Driving 1,800 miles between central Illinois and west central Minnesota over three weekends to celebrate several family Christmas gatherings is a big change from the Christmases I remember growing up in the 1950s.
Back then, we drove 40 miles each way to my mother’s side of the family and that was as far as away from home as we got.
We traveled our 1,800 miles in relative comfort. The weather was cooperative for the most part once the storms passed. The roads and the car made the trip just a matter of time and gasoline used. We covered a lot of miles and had a lot of fun.
Some things have not changed. Plans for getting together are made and implemented. Everyone shows up about the same time and the event unfolds.
Church services and Sunday school programs have extra faces in attendance. Quick glances are made to see who is sitting near whom to try to determine whose family they are a part of.
The happiness and laughter of a family get together is still there. The food is good and abundant. It is a time of good will among men.
After several hours of food and conversation, people start leaving and that is it for this year’s Christmas. Even the Christmas music that was everywhere in the days leading up to Christmas disappears.
Having seen everyone, New Year’s Day should be quiet, and sitting still has a good sound to it. If the phone does not ring, then all the better.
We are a week into winter, which means the days are getting longer. That gives some small comfort when we look at all the snow on the ground.
This gets to be the time of year when winter settles in and we get accustomed to coats, caps, and gloves. The snow shovel has been moved from its remote place in the corner to where it can be reached more easily.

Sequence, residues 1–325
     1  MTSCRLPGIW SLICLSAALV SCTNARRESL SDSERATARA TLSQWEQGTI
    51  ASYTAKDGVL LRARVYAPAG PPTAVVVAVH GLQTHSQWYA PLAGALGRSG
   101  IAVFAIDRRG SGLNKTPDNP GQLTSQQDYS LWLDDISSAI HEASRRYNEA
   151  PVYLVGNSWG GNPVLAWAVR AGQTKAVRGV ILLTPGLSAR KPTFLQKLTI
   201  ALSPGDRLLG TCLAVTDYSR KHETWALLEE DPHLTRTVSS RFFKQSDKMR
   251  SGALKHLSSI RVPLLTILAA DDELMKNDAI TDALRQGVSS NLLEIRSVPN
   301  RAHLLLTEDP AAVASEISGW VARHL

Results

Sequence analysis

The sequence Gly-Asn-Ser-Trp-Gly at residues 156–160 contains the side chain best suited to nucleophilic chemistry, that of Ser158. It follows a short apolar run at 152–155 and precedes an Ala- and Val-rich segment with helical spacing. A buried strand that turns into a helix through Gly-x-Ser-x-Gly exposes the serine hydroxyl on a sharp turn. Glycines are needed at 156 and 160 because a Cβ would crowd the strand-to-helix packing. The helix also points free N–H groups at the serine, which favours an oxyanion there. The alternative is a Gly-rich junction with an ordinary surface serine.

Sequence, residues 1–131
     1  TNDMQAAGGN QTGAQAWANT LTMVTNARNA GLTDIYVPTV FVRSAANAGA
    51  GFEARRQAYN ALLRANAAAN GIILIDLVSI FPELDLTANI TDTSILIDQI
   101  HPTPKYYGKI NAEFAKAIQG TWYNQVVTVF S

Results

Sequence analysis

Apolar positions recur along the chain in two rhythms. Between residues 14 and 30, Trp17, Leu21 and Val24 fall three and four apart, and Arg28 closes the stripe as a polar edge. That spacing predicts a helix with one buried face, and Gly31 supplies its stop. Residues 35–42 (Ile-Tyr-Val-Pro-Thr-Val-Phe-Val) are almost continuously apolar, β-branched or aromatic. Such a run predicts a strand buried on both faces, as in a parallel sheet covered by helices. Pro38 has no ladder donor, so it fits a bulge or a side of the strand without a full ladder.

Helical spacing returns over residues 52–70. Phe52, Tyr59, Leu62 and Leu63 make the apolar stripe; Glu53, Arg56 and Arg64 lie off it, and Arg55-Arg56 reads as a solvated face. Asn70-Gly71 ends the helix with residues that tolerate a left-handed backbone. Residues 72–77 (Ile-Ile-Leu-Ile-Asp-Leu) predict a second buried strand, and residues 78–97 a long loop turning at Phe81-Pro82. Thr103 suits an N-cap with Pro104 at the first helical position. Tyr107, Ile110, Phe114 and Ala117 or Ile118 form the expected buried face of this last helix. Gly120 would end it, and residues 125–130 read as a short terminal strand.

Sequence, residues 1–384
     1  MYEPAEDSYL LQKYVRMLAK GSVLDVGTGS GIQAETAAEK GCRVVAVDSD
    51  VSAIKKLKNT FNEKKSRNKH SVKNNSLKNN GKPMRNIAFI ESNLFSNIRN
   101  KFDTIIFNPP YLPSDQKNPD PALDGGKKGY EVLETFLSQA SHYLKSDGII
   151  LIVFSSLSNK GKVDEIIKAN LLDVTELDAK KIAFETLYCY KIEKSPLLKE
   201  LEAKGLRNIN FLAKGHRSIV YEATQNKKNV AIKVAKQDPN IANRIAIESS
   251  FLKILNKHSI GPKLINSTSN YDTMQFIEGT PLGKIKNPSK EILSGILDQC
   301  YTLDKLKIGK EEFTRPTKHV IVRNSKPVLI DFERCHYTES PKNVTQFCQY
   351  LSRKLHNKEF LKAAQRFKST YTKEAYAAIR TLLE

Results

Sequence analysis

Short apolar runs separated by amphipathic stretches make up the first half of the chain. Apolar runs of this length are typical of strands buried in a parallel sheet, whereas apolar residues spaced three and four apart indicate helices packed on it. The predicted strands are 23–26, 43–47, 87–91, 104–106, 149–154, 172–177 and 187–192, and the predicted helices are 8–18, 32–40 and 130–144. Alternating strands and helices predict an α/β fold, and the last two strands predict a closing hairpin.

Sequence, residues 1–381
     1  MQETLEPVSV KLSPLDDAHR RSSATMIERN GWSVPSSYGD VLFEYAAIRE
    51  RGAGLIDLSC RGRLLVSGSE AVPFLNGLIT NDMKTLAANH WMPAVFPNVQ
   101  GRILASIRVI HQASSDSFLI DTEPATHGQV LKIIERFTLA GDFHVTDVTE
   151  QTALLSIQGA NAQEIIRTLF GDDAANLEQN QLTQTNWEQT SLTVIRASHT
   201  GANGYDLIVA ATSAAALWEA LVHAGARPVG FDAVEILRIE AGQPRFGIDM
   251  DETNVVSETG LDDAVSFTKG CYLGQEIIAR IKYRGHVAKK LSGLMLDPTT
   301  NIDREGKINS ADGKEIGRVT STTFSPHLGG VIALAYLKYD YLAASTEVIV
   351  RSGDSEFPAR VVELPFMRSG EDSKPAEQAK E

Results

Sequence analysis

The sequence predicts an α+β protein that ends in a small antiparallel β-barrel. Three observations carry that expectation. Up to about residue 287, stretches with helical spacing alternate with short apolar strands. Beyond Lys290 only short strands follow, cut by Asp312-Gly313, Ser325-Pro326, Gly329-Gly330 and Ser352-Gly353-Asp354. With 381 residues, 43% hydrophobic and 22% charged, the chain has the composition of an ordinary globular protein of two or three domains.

Diesel engines need to be plugged in to start. Anyone with livestock outside is thinking about water tank heaters and bedding. Being in a hurry seems useless because the snow and the cold slow everything down. It looks like a long time until spring.
Spring is a subject that is talked about. The seed for next year’s crop has been ordered. The elevator says it is time to get the fertilizer order in place. Even with snowdrifts everywhere, a person can see planting season has started to take shape.
For the next few days, our job will be to say good-bye to 2009 by paying those yearend bills and hello to 2010 by lining up credit to pay those bills that will arrive with another crop year. We have done it many years before so here we go again.
It seems the decimal point is shifting to the right a little farther each year as costs keep going up. Now if income can rise accordingly so we can cover those higher costs, it would all work out.
It’s all part of a cycle as things arrive and disappear into the past. Holidays come and go. A crop year ends and a new one begins. Loved ones are here and then they are gone.
We try to prepare ourselves not knowing what the future holds, but with enough faith to look ahead and hope for the best.
Rye is a Farm News staff writer and farmer from Hanlontown. Reach him by e-mail at email@example.com.
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